Over the past century, numerous pivotal concepts have emerged, shaping the course of society and enhancing our collective well-being. Among these, Good Manufacturing Practices (GMPs) stand out as a beacon of assurance for product safety and consumer protection. Prior to the establishment of GMPs, industries such as pharmaceuticals operated in a murky landscape where products were peddled from wheeled carts as “miracle elixirs,” often containing undisclosed and potentially harmful ingredients. Labeling requirements were lax, production methods were shrouded in mystery, side effects were unknown, and the true efficacy of these concoctions was questioned.

Here in the United States, because of a previous lack of GMPs, there have been several major incidents over the years which have had catastrophic consequences. Poor controls for safety in the production of food, pharmaceuticals, supplements, medical devices, and more resulted in thousands of deaths and/or other medical issues. In 1938, three decades after the Pure Drug Act, Congress passed the Federal Food, Drug, and Cosmetic Act (FDCA), which formally established the FDAs authority to protect public health.

Take ‘snake oil’ for instance, a term evoking deceptive practices or fraudulent schemes. The original Chinese concoction was made using the oil from Chinese Water Snakes which helped relieve sore muscles and inflammation. When American salesmen got ahold of the recipe, they attempted to use rattlesnake oil, which does not have the same properties as the Chinese Water Snake. By the time the recipe was tested, it was shown to contain alcohol and opium, but no real snake oil. This illustrates the dangers of unregulated products and the importance of standards like GMPs in ensuring product integrity and consumer safety. Without proper oversight, consumers are vulnerable to misleading claims and potentially harmful substances, underscoring the necessity of stringent manufacturing practices in all industries, including cannabis.

In reviewing several examples in history where tragedies resulted, we can go back as far as 1906 when tainted and misbranded food and drugs led to widespread illness and death until basic standards were established for product safety and labeling. Speaking of the turn of the century, if you haven’t read “The Jungle” by Upton Sinclair, put it on your reading list. It is one of the most influential books in American history, as it details the unsanitary conditions of the meat industry before GMPs and is directly responsible for Congress passing some of the first food safety laws.

Chairlift safety standards in the 1960s.

Some of you may be old enough to remember back in 1982 when seven people died after ingesting cyanide-laced Tylenol capsules. This led to the introduction of new industry standards, including tamper-evident packaging and heightened safety measures for over-the-counter medications.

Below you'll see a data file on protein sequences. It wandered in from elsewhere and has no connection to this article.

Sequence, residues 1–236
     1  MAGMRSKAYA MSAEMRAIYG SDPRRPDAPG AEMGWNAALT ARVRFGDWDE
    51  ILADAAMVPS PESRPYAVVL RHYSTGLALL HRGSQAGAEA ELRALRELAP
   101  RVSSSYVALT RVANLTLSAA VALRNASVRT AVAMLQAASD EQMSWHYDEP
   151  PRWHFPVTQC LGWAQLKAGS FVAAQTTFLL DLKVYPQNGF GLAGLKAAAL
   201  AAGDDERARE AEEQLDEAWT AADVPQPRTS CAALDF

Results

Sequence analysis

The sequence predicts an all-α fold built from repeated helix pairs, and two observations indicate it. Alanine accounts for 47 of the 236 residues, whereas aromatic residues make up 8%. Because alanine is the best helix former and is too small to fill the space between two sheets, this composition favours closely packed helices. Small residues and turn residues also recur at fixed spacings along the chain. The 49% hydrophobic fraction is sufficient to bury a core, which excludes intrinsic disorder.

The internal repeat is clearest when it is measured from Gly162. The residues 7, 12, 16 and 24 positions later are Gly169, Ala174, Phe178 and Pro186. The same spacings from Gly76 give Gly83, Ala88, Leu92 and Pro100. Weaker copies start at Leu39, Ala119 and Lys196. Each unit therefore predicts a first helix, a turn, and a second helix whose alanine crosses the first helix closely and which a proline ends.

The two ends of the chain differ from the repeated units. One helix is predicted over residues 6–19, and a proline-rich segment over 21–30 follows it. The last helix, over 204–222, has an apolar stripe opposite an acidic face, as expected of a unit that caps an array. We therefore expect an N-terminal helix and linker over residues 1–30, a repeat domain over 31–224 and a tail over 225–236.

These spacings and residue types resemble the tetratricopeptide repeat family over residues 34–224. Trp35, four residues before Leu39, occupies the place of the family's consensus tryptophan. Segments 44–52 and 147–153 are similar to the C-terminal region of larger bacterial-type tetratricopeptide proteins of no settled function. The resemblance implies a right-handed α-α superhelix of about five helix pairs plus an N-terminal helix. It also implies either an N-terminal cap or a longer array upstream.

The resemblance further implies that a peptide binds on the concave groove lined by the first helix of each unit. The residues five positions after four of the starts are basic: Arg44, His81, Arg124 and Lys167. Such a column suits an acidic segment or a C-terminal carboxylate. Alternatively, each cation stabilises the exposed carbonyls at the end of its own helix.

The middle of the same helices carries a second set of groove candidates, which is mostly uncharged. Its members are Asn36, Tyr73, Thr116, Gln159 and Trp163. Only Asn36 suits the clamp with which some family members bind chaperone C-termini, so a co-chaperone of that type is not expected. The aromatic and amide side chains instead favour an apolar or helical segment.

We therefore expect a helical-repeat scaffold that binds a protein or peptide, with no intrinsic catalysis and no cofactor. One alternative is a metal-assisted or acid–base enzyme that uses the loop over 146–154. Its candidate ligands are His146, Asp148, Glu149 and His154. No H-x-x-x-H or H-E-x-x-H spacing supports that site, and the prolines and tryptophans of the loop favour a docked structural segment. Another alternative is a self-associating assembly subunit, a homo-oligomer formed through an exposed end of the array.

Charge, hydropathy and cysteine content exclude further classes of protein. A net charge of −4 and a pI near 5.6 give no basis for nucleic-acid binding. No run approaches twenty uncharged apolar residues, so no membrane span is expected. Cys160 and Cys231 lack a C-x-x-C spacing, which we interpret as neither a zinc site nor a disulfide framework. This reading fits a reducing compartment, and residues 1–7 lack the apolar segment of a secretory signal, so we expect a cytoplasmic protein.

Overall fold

Even in modern times, recalls of contaminated meats and produce serve as stark reminders of the ongoing importance of stringent safety measures. These recalled food products not only pose serious health risks but also incur significant financial losses and damage to the brand reputation of the companies involved. To further underscore the importance of these safety measures, in 1994 Congress authorized the FDA to implement GMP guidelines for dietary supplements through DSHEA (Dietary Supplement Health and Education Act). However, GMP guidance for dietary supplements was not released until 2007.

“There are a lot of examples where failure to implement GMPs creates safety problems.  Many food recalls and FDA warning letters report problems with pest control, worker sanitation, cleaning and sanitation, employee practices, and other GMPs,” says Steve Gendel, Ph.D., an expert on food safety and consultant at The GMP Collective. (Gendel also serves as the Technical Contact for the cannabis GMP standard that was recently balloted at ASTM.) “One example of the problems caused by inadequate GMPs is the recent announcement that Family Dollar Stores pleaded guilty to a federal felony and must pay a $41 million fine for failure to control rodents in a warehouse. This follows a massive recall of hundreds of products that passed through that warehouse.”

In addition to criminal liability and hefty fines, a brand that fails to maintain the standard levels of safety and sanitation is not posing risks to customers and employees alike; it can also suffer long-term damage to reputation in the public eye, creating a public relations nightmare. In a blog by Rootwurks in August 2023 titled “It’s All About The Consumer,” Dr. Kathy Knutson, another food safety expert and consultant at The GMP Collective, states, “There can be brand damage through consumer litigation if any harm is caused. There can be regulatory action including fines and recalls. In the food industry, the average cost of a recall is $10 million.” For cannabis products, the most common types of recalls involve contamination of products containing Aspergillus, Salmonella, mold, heavy metals, and certain pesticides.